Brand Names: Concerta, Metadate CD, Metadate ER, Methylin, Methylin ER, Ritalin, Ritalin LA, Ritalin-SR
Generic Name: methylphenidate (oral) (Pronunciation: METH il FEN i date)
- What is methylphenidate (Concerta, Metadate CD, Metadate ER, Methylin, Methylin ER, Ritalin, Ritalin LA, Ritalin-SR)?
- What are the possible side effects of methylphenidate?
- What is the most important information I should know about methylphenidate?
- What should I discuss with my healthcare provider before taking methylphenidate?
- How should I take methylphenidate?
- What happens if I miss a dose?
- What happens if I overdose?
- What should I avoid while taking methylphenidate?
- What other drugs will affect methylphenidate?
- Where can I get more information?
What is methylphenidate (Concerta, Metadate CD, Metadate ER, Methylin, Methylin ER, Ritalin, Ritalin LA, Ritalin-SR)?
Methylphenidate is a central nervous system stimulant. It affects chemicals in the brain and nerves that contribute to hyperactivity and impulse control.
Methylphenidate may also be used for purposes not listed in this medication guide.
Concerta 18 mg
oblong, yellow, imprinted with alza 18
Concerta 36 mg
oblong, white, imprinted with alza 36
Concerta 54 mg
oblong, red, imprinted with alza 54
Methylin 10 mg
round, white, imprinted with 10, M
Methylin 20 mg
round, white, imprinted with 20, M inside square
Methylin 5 mg
round, white, imprinted with 5, M inside square
Methylphenidate 10 mg-APH
round, blue, imprinted with MD, 530
Methylphenidate 10 mg-GG
round, yellow, imprinted with MD, 531
Methylphenidate 10 mg-WAT
round, green, imprinted with 5883, DAN 10
Methylphenidate 20 mg-APH
round, orange, imprinted with MD, 532
Methylphenidate 20 mg-GG
round, orange, imprinted with MD, 532
Methylphenidate 20 mg-WAT
round, peach, imprinted with 5884, DAN 20
Methylphenidate 5 mg-APH
round, yellow, imprinted with MD, 531
Methylphenidate 5 mg-GG
round, blue, imprinted with MD, 530
Methylphenidate 5 mg-WAT
round, lavender, imprinted with 5882, DAN 5
Methylphenidate ER 20 mg-WAT
oval, white, imprinted with 3111, WPI
Ritalin 10 mg
round, green, imprinted with CIBA, 3
Ritalin 5 mg
round, yellow, imprinted with CIBA, 7
What are the possible side effects of methylphenidate?
Get emergency medical help if you have any of these signs of an allergic reaction: hives; difficulty breathing; swelling of your face, lips, tongue, or throat.
Stop taking methylphenidate and call your doctor at once if you have a serious side effect such as:
- fast, pounding, or uneven heartbeats;
- feeling like you might pass out;
- fever, sore throat, and headache with a severe blistering, peeling, and red skin rash;
- aggression, restlessness, hallucinations, unusual behavior, or motor tics (muscle twitches);
- easy bruising, purple spots on your skin; or
- dangerously high blood pressure (severe headache, blurred vision, buzzing in your ears, anxiety, confusion, chest pain, shortness of breath, uneven heartbeats, seizure).
Less serious side effects may include:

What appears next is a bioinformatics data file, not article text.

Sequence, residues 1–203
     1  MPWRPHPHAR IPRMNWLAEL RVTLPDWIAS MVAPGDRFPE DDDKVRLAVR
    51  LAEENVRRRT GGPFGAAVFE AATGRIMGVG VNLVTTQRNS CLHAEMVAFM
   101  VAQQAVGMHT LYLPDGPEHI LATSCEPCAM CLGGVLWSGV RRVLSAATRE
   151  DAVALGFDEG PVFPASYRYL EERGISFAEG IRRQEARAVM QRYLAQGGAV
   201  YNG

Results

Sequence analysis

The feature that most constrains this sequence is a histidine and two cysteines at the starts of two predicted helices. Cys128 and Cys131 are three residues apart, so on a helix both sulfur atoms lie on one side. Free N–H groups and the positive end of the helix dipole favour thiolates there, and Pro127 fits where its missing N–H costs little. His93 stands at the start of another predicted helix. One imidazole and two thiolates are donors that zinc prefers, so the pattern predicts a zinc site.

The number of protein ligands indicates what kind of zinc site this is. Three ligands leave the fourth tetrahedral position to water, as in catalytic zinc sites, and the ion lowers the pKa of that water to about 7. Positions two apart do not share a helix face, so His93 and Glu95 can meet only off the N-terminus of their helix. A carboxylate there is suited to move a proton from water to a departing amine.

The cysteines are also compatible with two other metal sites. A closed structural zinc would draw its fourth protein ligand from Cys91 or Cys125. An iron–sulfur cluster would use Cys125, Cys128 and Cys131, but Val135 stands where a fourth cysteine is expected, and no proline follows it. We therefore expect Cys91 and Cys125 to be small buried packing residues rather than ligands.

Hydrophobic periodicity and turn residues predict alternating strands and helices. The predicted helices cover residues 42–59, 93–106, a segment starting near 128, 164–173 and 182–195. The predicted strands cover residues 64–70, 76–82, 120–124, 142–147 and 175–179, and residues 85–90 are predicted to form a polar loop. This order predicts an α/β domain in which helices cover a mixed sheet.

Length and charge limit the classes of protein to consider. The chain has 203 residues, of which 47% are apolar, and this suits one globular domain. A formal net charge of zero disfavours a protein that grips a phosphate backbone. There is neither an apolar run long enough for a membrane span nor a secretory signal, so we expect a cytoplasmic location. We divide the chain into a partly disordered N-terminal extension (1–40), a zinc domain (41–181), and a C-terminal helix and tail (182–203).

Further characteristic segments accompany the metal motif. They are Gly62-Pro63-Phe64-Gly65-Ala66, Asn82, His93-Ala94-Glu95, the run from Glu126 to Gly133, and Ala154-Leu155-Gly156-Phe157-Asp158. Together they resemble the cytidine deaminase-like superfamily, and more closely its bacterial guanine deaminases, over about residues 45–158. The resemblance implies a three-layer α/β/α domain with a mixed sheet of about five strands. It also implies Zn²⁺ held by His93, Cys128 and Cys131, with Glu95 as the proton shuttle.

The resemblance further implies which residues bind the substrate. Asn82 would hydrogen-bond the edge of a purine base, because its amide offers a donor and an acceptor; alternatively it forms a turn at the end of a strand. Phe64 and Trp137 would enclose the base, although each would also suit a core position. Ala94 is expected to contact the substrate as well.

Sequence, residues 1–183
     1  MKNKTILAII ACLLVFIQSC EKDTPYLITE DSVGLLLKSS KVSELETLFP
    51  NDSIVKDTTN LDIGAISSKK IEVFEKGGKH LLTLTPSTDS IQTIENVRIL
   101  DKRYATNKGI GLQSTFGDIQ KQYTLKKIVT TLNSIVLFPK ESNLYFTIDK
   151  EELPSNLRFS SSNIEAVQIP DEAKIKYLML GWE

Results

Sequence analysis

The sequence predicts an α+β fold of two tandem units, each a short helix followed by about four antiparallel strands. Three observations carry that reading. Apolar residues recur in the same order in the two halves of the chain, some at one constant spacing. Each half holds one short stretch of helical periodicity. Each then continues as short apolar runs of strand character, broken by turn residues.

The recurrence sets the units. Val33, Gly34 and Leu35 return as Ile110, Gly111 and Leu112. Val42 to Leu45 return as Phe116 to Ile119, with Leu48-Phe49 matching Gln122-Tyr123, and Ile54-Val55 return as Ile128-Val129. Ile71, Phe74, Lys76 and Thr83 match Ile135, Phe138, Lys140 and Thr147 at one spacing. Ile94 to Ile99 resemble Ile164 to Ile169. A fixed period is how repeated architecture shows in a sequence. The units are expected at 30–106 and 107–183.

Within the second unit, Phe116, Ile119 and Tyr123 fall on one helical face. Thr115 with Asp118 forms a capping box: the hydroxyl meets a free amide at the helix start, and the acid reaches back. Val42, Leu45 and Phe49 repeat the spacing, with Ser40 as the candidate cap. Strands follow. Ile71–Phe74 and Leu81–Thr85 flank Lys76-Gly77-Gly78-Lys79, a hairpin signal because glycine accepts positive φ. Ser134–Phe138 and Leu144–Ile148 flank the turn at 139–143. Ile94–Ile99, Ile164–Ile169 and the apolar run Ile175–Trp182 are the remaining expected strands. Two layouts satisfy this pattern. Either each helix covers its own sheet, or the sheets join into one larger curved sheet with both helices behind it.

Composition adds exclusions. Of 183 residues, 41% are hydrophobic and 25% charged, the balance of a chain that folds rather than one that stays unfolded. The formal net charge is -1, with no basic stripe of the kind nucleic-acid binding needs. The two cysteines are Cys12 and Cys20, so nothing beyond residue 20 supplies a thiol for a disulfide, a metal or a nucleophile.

- stomach pain, nausea, vomiting, loss of appetite;
- vision problems, dizziness, mild headache;
- sweating, mild skin rash;
- numbness, tingling, or cold feeling in your hands or feet;
- nervous feeling, sleep problems (insomnia); or
- weight loss.
This is not a complete list of side effects and others may occur. Call your doctor for medical advice about side effects. You may report side effects to FDA at 1-800-FDA-1088.
What is the most important information I should know about methylphenidate?
Do not use methylphenidate if you have used an MAO inhibitor such as furazolidone (Furoxone), isocarboxazid (Marplan), phenelzine (Nardil), rasagiline (Azilect), selegiline (Eldepryl, Emsam), or tranylcypromine (Parnate) within the past 14 days. Serious, life-threatening side effects can occur if you use methylphenidate before the MAO inhibitor has cleared from your body.
Do not use this medication if you are allergic to methylphenidate or if you have glaucoma, overactive thyroid, severe high blood pressure, tics or Tourette's syndrome, angina, heart failure, heart rhythm disorder, recent heart attack, a hereditary condition such as fructose intolerance, glucose-galactose malabsorption, or sucrase-isomaltase deficiency, or severe anxiety, tension, or agitation.
Methylphenidate may be habit-forming and should be used only by the person it was prescribed for. Never share methylphenidate with another person, especially someone with a history of drug abuse or addiction. Keep the medication in a place where others cannot get to it.
What should I discuss with my healthcare provider before taking methylphenidate?
Do not take methylphenidate if you have used an MAO inhibitor such as furazolidone (Furoxone), isocarboxazid (Marplan), phenelzine (Nardil), rasagiline (Azilect), selegiline (Eldepryl, Emsam), or tranylcypromine (Parnate) within the past 14 days. Serious, life-threatening side effects can occur if you use methylphenidate before the MAO inhibitor has cleared from your body.
Do not use this medication if you are allergic to methylphenidate or if you have:
- overactive thyroid;
- severe high blood pressure;
- angina (chest pain), heart failure, heart rhythm disorder, or recent heart attack;